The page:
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The cost of an untargeted stimulus

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For many Americans, the coronavirus recession has hardly hurt their finances. They still have their jobs and their expenses have gone down when they mostly stayed at home. Their homes have not lost value, unlike the financial crisis of 2007-2009. If they are lucky enough to own stocks, their portfolio is probably worth more than a year ago.

Of course, millions of other Americans are in trouble. Nine million fewer people are employed than a year ago. Others face big medical bills. Many small businesses have closed or may soon. State and local governments are planning deep cuts.

The $ 900 billion stimulus bill that Congress passed last night will provide significant help to the economy. But many economists believe that it also has major flaws. Among them: It is not specifically targeted to those parts of the economy that need help.

A central part of the stimulus is the one-off checks that the government will send to people. Any household with an income of less than $ 150,000 will likely receive at least $ 1,200. Families with children will receive more.

Much of that money will go to Americans who are doing very well and saving the money they get, which in turn will do nothing to keep struggling businesses afloat or keep workers employed. Already, the personal savings rate had risen to around 14% this fall, from 8% at the start of the year.

At the same time, the bill only provides for 11 weeks of extended unemployment insurance. “This is not enough to bring us closer to the moment when a vaccine is widely distributed”, Ernie Tedeschi, a former Treasury Department economist wrote yesterday. In all, the invoice spend less on extended unemployment benefits than on stimulus checks.

An even bigger problem is the lack of support for state and local governments. Mitch McConnell, the Senate majority leader, insisted on ruling out such aid, saying it would be a bailout for financially irresponsible states. Many economists disagree and point to the pandemic’s toll on state budgets.

“Economists are particularly concerned that the final deal cut new funding for states and local governments, which is likely to lead to more job cuts and higher taxes in parts of the country “Wrote Heather Long of the Washington Post. Larry Johnson, a county commissioner in the Atlanta area, said, “The Congress that leaves out local aid is like the Grinch who stole Christmas.”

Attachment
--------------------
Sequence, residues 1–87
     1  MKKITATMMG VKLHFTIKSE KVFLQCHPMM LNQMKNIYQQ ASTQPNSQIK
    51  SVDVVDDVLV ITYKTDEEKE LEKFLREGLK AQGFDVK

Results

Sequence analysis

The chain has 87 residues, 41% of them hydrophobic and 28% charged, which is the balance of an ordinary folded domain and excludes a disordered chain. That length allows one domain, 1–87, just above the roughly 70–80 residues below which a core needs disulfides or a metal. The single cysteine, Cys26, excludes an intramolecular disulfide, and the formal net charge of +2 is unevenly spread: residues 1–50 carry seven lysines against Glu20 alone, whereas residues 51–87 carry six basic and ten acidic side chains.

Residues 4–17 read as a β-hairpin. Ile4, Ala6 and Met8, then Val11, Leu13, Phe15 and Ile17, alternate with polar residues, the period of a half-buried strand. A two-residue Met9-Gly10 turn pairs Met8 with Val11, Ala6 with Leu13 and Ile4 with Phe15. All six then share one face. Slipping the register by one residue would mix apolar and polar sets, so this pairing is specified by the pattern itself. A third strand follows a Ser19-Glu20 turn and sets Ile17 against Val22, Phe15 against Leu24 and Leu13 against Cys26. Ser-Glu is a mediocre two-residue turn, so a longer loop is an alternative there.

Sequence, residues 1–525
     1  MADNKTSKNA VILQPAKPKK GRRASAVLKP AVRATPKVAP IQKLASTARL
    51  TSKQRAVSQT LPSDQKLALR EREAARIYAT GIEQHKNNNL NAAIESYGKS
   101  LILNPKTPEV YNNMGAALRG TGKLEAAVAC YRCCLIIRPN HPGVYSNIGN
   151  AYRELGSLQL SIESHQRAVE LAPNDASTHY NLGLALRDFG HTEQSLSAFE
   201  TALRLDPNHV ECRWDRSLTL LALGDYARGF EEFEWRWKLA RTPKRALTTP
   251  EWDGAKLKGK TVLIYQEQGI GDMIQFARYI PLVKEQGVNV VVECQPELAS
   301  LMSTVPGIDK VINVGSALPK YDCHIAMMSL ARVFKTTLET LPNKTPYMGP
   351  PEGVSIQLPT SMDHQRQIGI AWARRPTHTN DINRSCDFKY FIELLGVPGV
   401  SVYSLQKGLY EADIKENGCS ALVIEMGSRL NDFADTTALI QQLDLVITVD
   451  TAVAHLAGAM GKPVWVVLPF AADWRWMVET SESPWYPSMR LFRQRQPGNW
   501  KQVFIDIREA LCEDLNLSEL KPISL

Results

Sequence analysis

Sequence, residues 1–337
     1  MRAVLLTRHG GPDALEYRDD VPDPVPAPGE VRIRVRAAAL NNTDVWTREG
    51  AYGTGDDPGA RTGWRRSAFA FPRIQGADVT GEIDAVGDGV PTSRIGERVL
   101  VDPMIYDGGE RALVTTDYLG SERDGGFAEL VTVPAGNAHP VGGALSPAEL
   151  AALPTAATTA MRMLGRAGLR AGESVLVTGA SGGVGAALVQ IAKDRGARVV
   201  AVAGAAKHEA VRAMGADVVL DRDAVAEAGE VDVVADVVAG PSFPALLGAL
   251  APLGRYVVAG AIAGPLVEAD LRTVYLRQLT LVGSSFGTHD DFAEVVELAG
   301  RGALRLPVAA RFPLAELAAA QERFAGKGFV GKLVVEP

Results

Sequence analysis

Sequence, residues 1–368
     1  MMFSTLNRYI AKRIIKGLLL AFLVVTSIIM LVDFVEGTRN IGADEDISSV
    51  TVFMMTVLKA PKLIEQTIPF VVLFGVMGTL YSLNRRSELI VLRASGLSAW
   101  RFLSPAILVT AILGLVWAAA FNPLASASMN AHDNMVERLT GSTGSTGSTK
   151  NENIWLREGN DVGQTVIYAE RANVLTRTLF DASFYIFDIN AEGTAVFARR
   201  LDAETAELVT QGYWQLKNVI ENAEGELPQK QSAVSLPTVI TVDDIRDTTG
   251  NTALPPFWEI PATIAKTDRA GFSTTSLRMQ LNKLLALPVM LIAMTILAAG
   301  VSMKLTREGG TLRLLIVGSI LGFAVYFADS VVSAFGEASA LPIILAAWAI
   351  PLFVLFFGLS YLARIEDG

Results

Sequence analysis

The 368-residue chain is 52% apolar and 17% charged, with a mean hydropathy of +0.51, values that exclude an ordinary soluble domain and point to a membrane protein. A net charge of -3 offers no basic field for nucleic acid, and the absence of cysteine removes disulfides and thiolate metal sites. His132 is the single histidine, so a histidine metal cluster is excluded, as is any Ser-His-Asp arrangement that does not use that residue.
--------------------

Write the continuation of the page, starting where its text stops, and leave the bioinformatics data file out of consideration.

And Tracy Gordon of the Urban-Brookings Tax Policy Center told Bloomberg CityLab: “I am in disbelief that they do not provide public and local assistance.” Among the areas likely to suffer the cuts the state and local government will have to make: public transport, police and firefighters, schools and health care programs.

The bottom line: The stimulus package looks big enough to keep the economy from sliding into another recession early next year. But a different plan could have avoided more economic hardship than this one.

Learn more about the bill:

  • It includes a ban on surprise medical bills from doctors that people didn’t know were outside of their insurance networks. “The legislation overcame strong opposition from doctors and hospitals, who feared new rules would reduce their profits,” says Sarah Kliff of The Times.

  • David roberts, author of the Volts newsletter, said reporters downplayed Democrats’ support for a larger bill that would have helped the economy more while Republicans insisted on a smaller one.

  • The Kilauea volcano on the Big Island of Hawaii, one of the most active in the world, erupted on Sunday. Authorities have warned residents to take shelter from the blown ash.

  • Russian hackers who broke into U.S. government agencies broke into the messaging system used by top Treasury Department officials. This is the first detail of the depth of hacking in the networks of the Trump administration.

  • The Justice Department indicted a former Libyan intelligence agent in the 1988 Pan Am flight explosion over Lockerbie, Scotland – an attack that killed 270 people.